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UK torture transfers

Can a 'known torturer' and drug dealer be expected to uphold human rights? The British government thinks so.

The British government is attempting to overturn a moratorium on the transfer of Afghans captured by British forces to the Afghan secret police (NDS), despite longstanding accusations by a Canadian diplomat that NDS director Asadullah Khalid ‘was known to personally torture people’ in a dungeon under his guest house in Kandahar.

In May, the UK was forced to halt all transfers to NDS facilities following legal action by Leigh Day & Co and Public Interest Lawyers (PIL) – the latter acting on behalf of well-known peace activist Maya Evans (see PN 2546) – as a result of new evidence of the continued torture of transferred detainees despite the introduction of supposed ‘safeguards’ by the UK.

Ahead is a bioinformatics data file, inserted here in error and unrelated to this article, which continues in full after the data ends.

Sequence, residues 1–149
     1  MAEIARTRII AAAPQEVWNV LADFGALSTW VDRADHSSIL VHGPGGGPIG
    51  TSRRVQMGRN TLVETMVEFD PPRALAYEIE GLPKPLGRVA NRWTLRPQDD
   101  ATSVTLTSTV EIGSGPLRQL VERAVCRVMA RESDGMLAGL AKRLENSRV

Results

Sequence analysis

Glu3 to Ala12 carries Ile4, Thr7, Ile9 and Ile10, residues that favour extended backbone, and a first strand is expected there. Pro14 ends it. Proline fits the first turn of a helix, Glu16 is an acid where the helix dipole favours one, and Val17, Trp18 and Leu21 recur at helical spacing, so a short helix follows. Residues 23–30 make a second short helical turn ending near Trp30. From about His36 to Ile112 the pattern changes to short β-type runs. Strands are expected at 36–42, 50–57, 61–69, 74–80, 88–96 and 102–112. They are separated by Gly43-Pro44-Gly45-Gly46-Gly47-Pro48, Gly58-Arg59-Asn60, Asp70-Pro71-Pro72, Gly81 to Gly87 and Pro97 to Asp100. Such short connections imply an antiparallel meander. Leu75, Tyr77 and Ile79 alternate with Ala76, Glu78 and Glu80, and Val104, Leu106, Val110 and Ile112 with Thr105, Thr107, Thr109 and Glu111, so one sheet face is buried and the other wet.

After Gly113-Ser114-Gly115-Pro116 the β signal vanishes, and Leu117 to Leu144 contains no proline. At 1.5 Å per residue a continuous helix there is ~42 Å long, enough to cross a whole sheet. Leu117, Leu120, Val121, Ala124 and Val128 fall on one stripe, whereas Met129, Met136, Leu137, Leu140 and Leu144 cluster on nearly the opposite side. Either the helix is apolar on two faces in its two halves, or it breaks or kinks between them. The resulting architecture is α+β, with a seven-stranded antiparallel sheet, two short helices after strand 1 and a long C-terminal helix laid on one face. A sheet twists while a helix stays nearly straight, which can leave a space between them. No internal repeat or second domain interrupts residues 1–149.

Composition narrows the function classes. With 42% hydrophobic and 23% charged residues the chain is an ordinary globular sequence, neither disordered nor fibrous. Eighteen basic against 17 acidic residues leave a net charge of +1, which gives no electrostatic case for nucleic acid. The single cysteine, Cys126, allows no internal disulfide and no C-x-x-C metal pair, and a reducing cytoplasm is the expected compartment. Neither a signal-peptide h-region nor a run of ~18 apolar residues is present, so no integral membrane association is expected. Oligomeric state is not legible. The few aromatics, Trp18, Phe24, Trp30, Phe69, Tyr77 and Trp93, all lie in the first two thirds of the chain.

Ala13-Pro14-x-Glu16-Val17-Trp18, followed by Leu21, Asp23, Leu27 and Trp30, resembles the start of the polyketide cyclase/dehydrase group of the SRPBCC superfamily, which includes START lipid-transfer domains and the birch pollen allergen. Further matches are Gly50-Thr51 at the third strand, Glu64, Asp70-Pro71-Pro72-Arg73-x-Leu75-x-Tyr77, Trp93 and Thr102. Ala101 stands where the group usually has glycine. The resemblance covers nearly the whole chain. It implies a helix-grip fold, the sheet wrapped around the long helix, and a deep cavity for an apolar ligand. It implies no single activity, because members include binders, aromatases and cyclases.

On 2 November, the UK sought to restart the transfers, though this move was blocked by the high court pending a full hearing at the end of November.

Principal culprit

Documents disclosed on 2 November reveal that in June the UN mission in Afghanistan told Britain’s deputy ambassador, Catherine Royle, that ‘torture was continuing to take place at NDS and ANP [Afghan National Police] facilities across Afghanistan’.

According to the UN mission, Mr Khalid was one of the ‘principal culprits’ in Kandahar, where ‘systematic abuse’ was taking place ‘of many times the magnitude of the problem elsewhere’.

Mr Khalid assured foreign office minister baroness Warsi that he would ‘uphold human rights standards’, following his appointment as NDS director in September.

Topics: Afghanistan